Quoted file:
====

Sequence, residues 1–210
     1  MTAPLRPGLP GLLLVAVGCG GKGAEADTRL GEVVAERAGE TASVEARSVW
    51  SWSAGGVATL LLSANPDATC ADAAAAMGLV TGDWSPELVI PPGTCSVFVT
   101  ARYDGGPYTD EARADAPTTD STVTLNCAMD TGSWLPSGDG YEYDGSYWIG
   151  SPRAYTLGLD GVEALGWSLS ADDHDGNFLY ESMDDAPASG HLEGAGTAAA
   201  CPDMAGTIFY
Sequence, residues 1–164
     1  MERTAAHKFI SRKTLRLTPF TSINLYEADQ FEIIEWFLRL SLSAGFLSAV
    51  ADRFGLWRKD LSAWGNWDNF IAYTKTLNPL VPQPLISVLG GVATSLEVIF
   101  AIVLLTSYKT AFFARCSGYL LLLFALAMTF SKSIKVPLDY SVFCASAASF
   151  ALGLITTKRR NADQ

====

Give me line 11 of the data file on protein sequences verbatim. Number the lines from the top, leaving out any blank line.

   151  ALGLITTKRR NADQ